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Old September 19th, 2011, 08:47 AM   #1
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Working for free? On a project out of my comfort zone?

How do I say, "NO!"

A couple of years ago, my boss asked me and another employee, (a good friend of mine who is also into video as a hobby), to video a surprise birthday party for the owner of our company. He knew we fooled around with this stuff. We did it with our own equipment, software and on our personal time, as a favor to my boss. It came out pretty good, for a four camera shoot, done by couple of amateurs...and it was well received.

Fast forward to now. We have been approached by a committee that is tasked with putting together a celebration for our company's anniversary. Based on the previous birthday video, they want us to video this event. This is an hour-long event, outdoors, with speeches by the owner, the mayor, etc., etc. and less than four weeks away.

They want us to video the event, edit it into something nice for them to put on the company web site and show it at our company dinner, (big projection stuff).

OK...we have decent decent HD cameras, an HMC-150 and a prosumer Sony SD camera, plus a couple of SD consumer cams...a couple of decent mics, but nothing wireless...I've got the editing covered, Vegas Pro, Cineform, Sonic Fire Pro, etc., on a decent machine. But….

The thing is we are dealing with people who do not understand what kind of time this sort of thing takes...the amount of time to edit and color correct for 3 or 4 different cameras. Sound, titles, well you guys all know. They actually thought I would be excited about doing this.

Video is a hobby for me, not a career and I don't want it to be a career...I am not looking to build a portfolio. I like nature work and video involving my other hobby, motorcycling...
I have no interest in wedding or event stuff like this, even though I have done some for friends and family.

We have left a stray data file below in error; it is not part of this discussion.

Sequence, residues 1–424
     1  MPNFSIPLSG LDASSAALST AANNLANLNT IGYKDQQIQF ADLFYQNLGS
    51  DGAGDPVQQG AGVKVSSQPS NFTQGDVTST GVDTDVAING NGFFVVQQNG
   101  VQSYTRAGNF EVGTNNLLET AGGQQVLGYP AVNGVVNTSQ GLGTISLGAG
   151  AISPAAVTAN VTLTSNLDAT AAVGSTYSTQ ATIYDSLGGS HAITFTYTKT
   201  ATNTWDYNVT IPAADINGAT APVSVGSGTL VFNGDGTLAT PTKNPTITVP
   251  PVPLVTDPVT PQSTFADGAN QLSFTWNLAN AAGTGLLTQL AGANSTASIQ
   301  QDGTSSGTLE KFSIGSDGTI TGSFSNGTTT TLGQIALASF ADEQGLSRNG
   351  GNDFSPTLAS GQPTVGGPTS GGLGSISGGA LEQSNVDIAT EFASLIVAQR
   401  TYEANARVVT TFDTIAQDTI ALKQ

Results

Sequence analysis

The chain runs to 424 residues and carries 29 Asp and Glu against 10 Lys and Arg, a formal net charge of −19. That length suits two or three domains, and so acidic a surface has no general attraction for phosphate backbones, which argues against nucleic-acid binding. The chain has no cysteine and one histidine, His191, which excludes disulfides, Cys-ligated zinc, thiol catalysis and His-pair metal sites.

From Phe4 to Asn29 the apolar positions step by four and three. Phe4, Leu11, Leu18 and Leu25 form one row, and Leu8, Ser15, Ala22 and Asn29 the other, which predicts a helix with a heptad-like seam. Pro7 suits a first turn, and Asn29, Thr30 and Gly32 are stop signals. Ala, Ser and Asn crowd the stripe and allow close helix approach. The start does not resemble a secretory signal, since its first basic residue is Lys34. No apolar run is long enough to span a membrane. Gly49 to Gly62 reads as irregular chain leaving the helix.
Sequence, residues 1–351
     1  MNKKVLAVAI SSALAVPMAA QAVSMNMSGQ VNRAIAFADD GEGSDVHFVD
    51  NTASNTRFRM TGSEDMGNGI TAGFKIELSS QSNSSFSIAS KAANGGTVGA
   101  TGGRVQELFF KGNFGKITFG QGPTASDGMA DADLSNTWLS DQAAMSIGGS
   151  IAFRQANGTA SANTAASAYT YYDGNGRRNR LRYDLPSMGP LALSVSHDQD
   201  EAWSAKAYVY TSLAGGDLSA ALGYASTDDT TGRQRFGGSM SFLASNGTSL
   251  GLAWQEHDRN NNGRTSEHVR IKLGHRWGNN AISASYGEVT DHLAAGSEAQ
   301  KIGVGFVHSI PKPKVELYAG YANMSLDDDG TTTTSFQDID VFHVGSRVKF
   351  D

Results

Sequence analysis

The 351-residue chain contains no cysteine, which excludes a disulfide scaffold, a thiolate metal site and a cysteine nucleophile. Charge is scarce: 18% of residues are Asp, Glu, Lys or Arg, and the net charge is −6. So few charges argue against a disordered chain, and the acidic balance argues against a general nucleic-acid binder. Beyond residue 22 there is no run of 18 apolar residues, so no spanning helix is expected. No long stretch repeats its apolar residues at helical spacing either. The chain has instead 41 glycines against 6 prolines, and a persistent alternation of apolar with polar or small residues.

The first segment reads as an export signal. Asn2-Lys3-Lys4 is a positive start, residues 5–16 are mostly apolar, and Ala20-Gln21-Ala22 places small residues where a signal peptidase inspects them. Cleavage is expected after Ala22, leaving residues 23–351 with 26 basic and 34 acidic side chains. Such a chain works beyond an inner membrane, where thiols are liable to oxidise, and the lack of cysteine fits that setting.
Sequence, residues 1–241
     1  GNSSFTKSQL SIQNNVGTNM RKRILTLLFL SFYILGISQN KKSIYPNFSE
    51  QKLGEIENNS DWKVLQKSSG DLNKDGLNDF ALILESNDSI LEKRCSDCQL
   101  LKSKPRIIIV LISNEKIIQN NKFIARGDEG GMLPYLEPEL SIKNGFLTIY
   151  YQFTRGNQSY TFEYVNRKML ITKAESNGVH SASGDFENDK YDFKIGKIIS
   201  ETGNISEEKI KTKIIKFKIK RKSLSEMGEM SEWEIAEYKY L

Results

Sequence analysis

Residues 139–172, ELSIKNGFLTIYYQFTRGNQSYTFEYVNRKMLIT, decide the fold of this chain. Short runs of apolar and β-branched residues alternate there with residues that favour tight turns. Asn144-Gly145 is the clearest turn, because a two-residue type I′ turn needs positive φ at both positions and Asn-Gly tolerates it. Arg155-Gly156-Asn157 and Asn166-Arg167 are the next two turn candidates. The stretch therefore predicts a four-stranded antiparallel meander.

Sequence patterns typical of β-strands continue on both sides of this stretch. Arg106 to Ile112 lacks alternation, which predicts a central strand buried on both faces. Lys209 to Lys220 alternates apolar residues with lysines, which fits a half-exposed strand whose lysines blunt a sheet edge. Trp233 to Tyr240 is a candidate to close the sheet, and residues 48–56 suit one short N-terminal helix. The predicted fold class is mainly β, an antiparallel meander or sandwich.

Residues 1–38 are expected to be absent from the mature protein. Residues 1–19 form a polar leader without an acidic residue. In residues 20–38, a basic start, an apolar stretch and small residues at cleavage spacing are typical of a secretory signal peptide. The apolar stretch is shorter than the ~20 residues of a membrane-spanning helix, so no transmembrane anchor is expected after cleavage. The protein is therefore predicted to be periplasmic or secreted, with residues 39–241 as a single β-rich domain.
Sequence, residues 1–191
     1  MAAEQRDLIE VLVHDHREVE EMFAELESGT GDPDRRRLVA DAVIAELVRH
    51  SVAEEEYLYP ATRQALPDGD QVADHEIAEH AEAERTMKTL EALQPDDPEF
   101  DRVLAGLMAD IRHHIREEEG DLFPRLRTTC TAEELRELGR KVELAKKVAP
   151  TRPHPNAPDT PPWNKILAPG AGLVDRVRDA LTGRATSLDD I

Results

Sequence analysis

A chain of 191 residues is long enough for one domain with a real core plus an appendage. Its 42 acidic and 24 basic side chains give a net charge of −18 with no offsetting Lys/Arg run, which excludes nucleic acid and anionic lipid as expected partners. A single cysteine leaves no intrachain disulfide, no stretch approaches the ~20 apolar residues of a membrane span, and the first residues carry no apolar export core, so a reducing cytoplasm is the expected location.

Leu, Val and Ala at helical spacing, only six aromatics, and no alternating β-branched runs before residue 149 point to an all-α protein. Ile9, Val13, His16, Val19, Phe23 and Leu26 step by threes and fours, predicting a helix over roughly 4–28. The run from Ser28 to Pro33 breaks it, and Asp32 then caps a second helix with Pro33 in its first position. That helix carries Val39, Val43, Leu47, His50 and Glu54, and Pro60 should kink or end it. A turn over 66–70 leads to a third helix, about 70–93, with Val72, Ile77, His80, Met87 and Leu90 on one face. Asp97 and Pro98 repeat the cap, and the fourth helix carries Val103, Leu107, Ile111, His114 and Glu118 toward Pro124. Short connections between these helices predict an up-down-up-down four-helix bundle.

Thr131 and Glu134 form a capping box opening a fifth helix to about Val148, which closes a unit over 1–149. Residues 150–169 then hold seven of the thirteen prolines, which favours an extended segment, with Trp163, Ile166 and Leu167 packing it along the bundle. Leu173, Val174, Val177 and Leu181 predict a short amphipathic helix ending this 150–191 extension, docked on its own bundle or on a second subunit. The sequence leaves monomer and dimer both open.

But, this is way outside my comfort zone and there is no upside I can see…I don't want my hobby to become work.

Frankly, I think they need to hire pros. It should be HD, wireless mics or a separate sound recording setup would also be nice. I suggested it once or twice, but they don't want to do that. And it's not money…this is a $60 million a year company…business is good, we are spending like crazy.

So…any thoughts on how to say, "No thank you," gracefully?

Sorry for the long post, but this has been bothering me all weekend.

Thanks,
Bob
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Last edited by Bob Thieda; September 20th, 2011 at 06:09 AM.
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Old September 19th, 2011, 08:54 AM   #2
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Re: Working for free? On a project out of my comfort zone?

"Video is a hobby for me, not a career and I don't want it to be a career...I am not looking to build a portfolio. I like nature work and video involving my other hobby, motorcycling...
I have no interest in wedding or event stuff like this, even though I have done some for friends and family.
But, this is way outside my comfort zone and there is no upside I can see…I don't want my hobby to become work."